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In-Flight Radiation Exposure During Pregnancy

Barish, Robert J., PhD

doi: 10.1097/01.AOG.0000126947.90065.90
Current Commentary

During high-altitude flight, the cosmic radiation dose rate in an airliner is greater than it is at ground level. For a casual traveler, the impact on pregnancy from cosmic radiation exposure during flight is trivial. Pregnant frequent flyers, pilots, and flight attendants can, however, receive exposures that exceed current recommended values if they do not appropriately modify their work schedules. In addition to the galactic cosmic-ray background that is the source of this radiation, severe disturbances on the sun may cause eruptions that significantly raise radiation levels at airliner altitudes for brief periods, possibly having an impact even on casual travelers. This article will help obstetrician–gynecologists provide advice to their pregnant patients about in-flight radiation risks. That advice should be influenced by an understanding of recommended radiation exposure limits and a perspective on how those limits relate to the potential for real harm. Resources provided by the U.S. Federal Aviation Administration and others to help pregnant women and their physicians make informed decisions about the acceptability of this type of exposure are described.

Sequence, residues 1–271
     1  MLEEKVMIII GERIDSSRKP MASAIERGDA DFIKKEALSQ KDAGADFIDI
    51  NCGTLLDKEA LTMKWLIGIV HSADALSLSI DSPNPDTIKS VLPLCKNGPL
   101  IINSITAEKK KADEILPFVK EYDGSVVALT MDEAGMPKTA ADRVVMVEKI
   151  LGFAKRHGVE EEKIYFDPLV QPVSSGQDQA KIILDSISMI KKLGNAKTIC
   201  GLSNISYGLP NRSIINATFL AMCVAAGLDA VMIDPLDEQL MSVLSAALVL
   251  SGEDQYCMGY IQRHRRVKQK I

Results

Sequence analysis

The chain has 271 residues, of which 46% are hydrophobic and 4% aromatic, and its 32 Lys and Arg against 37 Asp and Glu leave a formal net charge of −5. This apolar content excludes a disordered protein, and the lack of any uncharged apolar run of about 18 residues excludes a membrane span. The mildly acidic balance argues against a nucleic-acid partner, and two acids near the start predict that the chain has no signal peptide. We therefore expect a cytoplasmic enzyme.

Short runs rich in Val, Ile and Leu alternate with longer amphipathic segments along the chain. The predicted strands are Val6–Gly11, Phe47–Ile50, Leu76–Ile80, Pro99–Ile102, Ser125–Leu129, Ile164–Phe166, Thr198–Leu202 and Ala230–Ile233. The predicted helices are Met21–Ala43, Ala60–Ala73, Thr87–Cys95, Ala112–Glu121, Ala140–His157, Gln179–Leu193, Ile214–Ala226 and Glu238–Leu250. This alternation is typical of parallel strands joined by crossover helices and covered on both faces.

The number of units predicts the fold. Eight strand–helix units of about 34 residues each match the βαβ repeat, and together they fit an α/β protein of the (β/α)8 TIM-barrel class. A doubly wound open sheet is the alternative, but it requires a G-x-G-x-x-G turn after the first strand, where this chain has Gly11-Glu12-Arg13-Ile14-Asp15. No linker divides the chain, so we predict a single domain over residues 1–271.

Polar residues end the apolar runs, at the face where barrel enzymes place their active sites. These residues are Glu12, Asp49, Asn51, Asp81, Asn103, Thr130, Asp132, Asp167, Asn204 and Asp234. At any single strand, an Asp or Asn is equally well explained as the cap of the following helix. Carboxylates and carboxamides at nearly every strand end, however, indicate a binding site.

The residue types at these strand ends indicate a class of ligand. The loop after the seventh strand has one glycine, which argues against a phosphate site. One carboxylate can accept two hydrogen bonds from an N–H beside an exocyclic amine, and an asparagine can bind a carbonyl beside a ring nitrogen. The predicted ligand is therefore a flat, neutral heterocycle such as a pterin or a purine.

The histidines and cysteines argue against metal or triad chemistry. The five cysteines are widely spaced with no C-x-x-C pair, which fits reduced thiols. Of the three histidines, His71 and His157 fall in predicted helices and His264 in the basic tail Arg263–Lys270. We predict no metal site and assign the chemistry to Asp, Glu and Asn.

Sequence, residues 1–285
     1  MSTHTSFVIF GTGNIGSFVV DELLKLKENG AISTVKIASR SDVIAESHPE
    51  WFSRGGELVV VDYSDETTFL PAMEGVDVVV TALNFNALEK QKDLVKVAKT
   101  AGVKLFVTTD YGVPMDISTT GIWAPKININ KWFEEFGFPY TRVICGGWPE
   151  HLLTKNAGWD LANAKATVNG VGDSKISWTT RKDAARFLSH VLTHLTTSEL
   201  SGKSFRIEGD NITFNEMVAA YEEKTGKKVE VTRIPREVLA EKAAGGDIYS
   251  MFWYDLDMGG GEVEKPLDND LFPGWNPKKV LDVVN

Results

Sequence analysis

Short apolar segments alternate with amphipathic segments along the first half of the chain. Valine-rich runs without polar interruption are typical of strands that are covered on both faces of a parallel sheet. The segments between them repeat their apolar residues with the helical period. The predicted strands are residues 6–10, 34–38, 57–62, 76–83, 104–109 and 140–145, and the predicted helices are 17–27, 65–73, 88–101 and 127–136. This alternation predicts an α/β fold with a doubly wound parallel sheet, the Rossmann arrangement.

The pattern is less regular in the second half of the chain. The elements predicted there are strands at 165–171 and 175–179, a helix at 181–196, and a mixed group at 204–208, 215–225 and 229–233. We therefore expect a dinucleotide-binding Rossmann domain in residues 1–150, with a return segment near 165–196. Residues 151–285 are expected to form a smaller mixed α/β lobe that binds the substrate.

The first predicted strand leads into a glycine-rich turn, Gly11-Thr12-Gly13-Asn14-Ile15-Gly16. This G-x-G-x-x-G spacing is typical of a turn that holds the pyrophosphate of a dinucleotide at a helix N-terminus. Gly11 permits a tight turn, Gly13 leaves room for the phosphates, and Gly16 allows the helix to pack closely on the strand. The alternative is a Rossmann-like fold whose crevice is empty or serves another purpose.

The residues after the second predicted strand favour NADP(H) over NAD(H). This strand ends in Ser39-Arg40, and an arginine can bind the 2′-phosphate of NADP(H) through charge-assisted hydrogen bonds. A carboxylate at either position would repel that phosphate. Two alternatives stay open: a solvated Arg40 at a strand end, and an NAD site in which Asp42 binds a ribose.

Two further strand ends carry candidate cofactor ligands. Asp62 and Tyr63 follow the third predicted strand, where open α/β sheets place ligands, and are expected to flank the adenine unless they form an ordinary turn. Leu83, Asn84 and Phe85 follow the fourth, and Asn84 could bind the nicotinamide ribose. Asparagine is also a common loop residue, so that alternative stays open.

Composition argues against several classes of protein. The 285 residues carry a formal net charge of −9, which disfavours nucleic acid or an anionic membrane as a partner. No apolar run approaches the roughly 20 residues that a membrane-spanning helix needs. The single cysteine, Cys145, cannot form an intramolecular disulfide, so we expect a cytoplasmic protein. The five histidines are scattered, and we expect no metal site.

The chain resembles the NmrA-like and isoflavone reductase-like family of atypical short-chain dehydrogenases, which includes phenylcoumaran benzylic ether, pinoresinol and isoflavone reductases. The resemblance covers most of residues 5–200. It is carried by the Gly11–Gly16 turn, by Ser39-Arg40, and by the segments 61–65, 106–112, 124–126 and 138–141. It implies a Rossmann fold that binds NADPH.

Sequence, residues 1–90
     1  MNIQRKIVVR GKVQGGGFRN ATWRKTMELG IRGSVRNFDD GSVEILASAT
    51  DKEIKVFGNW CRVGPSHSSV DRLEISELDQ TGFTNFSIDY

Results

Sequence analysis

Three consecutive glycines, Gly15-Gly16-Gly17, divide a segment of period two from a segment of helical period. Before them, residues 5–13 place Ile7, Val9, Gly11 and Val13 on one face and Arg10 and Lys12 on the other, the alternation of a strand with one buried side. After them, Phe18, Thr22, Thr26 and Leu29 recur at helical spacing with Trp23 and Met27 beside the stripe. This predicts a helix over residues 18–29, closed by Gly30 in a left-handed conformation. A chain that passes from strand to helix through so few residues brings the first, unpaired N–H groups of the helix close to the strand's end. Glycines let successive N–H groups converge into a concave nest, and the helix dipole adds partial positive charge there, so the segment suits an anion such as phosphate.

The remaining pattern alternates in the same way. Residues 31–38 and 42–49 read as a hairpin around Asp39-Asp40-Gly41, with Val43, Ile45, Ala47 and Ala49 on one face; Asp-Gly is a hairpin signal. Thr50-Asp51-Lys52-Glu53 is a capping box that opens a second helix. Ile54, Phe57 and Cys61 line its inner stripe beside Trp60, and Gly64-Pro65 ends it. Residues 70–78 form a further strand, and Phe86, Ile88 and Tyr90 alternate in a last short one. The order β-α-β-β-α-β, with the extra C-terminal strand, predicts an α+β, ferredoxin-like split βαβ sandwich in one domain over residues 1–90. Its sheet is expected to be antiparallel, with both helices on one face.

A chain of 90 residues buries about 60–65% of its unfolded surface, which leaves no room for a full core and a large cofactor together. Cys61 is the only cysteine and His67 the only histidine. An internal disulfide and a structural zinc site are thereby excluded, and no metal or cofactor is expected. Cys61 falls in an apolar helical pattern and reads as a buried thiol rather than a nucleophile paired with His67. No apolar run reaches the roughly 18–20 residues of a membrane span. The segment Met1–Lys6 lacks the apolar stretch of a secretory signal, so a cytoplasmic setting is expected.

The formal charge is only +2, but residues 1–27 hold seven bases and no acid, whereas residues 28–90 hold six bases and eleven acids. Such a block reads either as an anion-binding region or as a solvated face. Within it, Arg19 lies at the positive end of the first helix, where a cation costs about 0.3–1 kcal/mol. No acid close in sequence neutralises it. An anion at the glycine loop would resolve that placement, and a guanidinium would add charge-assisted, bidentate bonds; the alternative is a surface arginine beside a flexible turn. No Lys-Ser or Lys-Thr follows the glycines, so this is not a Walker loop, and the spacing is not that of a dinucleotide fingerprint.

Guidance is provided for answering questions from pregnant flight crew members and casual travelers about exposure to cosmic radiation during air travel.

The Lenox Hill Heart and Vascular Institute, New York, New York

Address reprint requests to: Robert J. Barish, PhD, 211 East 70th Street, Apartment 12G, New York, NY 10021; e-mail:

Received December 30, 2003. Received in revised form February 6, 2004. Accepted March 11, 2004.

© 2004 by The American College of Obstetricians and Gynecologists. Published by Wolters Kluwer Health, Inc. All rights reserved.